A Brexit-dominated blog this week as Africa's economies count the cost of the turmoil in Europe. In Zambia, President Edgar Lungu's government cracks down on the independent media and Mozambique's finance troubles escalate after the secret loan scandal. Finally, Algeria's reforming bureaucrats make optimistic noises about oil and gas production.
AFRICA/EUROPE: Brexit storm hits
markets and trade everywhere
African finance officials are preparing for more shockwaves after the United Kingdom's vote last week to
leave the European Union upset the markets, wiping some two trillion
dollars off the capital markets and pushing sterling to its lowest
level for 30 years. Analysts expect Africa's biggest economies – Nigeria, South Africa, Egypt and Kenya – to be the worst hit, as they
were following the global credit crunch in 2008. This time, the effects
could be harsher.
On the first day after the Brexit vote, South Africa's rand fell by 7%
and Finance Minister Pravin Gordhan
warned that inward investment could slow this year. For Nigeria, whose
trade with the UK is worth some US$8.5 billion and was due to double in
the next five years, the uncertainty around Brexit complicates an
already poor outlook with low oil prices and falling capital inflows.
Egypt's economy, already rocked by regional instability and falling
tourism revenues, will take another hit from Brexit. Kenyan officials
worry that the already difficult trade negotiations between the East
African Community and the EU could be held up further by the decision
to leave the union.
Treasuries in Africa already have much lower reserves because of lower
state revenues in the wake of China's
slowdown and the commodity price slump. Optimistic forecasts on the
Brexit effect for Africa are thin on the ground.
One, not entirely dispassionate voice, that of James Duddridge, Britain's
pro-Brexit Minister for Africa, has pledged that the UK's relations
with Africa would expand after it left the EU. Others, including
Duddridge's colleagues in government, don't share his optimism, at
least in the short term. They predict at least two years of uncertainty
as the UK tries to disentangle itself from Europe and re-negotiate new
trade deals in its own right.
For decades, the UK's trade relations with Africa have been governed by
rules negotiated by the EU under a succession of treaties such as the
Lomé Treaty or the Cotonou Agreement. It's unclear whether Britain
would offer tougher or better terms, once it leaves the EU. In the
meantime, much of London's diplomatic and negotiating skills will be
consumed by the tortuous process of extricating itself from Europe.
Consequently, London's already over-stretched expertise on Africa will
come under further strain.
As Europe dives into a period of infighting, according to a veteran
diplomat in London, African governments may see their best course of
action would be to reinforce relations with Asia's big economies,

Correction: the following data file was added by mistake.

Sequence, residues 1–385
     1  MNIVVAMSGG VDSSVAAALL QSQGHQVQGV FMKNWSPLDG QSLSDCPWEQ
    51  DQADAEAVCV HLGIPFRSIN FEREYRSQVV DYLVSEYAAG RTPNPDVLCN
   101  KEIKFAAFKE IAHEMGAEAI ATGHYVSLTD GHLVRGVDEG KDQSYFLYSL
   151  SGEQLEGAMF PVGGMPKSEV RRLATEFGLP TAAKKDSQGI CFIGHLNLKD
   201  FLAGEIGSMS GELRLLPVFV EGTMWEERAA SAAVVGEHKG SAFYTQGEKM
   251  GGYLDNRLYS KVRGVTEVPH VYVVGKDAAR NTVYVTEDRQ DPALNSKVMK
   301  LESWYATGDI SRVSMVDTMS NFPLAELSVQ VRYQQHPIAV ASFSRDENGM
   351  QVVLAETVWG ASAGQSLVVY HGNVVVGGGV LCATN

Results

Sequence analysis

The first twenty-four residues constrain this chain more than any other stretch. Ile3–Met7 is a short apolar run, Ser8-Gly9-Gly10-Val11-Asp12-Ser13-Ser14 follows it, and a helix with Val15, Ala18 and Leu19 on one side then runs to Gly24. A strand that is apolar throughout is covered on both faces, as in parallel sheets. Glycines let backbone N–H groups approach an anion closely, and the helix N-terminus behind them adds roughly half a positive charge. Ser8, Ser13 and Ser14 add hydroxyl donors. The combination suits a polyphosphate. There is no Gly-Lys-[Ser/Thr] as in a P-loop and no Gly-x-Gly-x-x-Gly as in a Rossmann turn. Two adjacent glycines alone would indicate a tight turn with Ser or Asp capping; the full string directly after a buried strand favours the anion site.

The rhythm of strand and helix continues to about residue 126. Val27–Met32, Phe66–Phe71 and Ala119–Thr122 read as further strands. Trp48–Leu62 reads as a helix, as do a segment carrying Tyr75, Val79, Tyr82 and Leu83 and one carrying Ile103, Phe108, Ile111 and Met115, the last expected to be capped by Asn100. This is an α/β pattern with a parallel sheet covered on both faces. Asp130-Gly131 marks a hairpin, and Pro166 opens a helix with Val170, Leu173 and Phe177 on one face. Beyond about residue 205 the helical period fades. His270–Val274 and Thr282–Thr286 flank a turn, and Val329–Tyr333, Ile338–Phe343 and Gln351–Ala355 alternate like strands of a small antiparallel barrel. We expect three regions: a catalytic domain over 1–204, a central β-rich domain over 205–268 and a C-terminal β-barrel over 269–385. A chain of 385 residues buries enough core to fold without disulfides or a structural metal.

China, India and Japan.
ZAMBIA: Editor arrested in
pre-election crackdown on the media
A week after tax collection officials closed down Zambia's leading
independent daily newspaper, The Post,
police arrested the paper's publisher and veteran editor-in-chief, Fred M'membe, his wife Mutinta and deputy managing editor Joseph Mwenda on 28 June. Although
President Edgar Lungu defended the actions of the Zambia Revenue
Authority against the newspaper, a court ruled it should be allowed to
resume full operations while it negotiates the size of its tax bill
with the government.
Under fire from journalists' unions in the region as well the Committee
to Protect Journalists, the government's actions are widely seen as a
bid to silence critics ahead of the general election on 4 August. The Post had started to run a
series of stories about how the electoral commission was registering
foreigners to vote.
MOZAMBIQUE: Growth slowing as
IMF talks tough to Maputo
There was tough talking between President Filipe Nyusi's government in Maputo
and a visiting delegation from the International Monetary Fund as the
row over the government's secret security loans of over $1.4 billion rumbles on.
There have been calls from the United States and United Kingdom for
an international audit of the loan deals set up by Credit Suisse and Russia's VTB Bank.
The Fund has warned that Mozambique's growth
this year may fall to 4.5%, compared with 6.6% last year. Michel Lazare, who led the IMF
delegation, welcomed the decision by state prosecutors to investigate
the state firms linked to the secret loans but announced the country's
total debt stock was now 86% of GDP.
ALGERIA: Energy production to
rise after reshuffle
Oil and gas production are due to soar over the next five years,
according to Amine Mazouzi,
the new chief executive of state oil company Sonatrach. Mazouzi is one
of a group of technocrats promoted by President Abdelaziz Bouteflika's government in
what some optimistic commentators see as a wave of economic reform.
Mazouzi forecast that oil and gas production would rise by over 5% this
year and by as much as a third by 2020 as new fields come on stream. It
was demand-driven, he argued: Sonatrach reported that Italy's ENI
doubled its gas imports from Algeria last year, compared with its
purchases in 2014.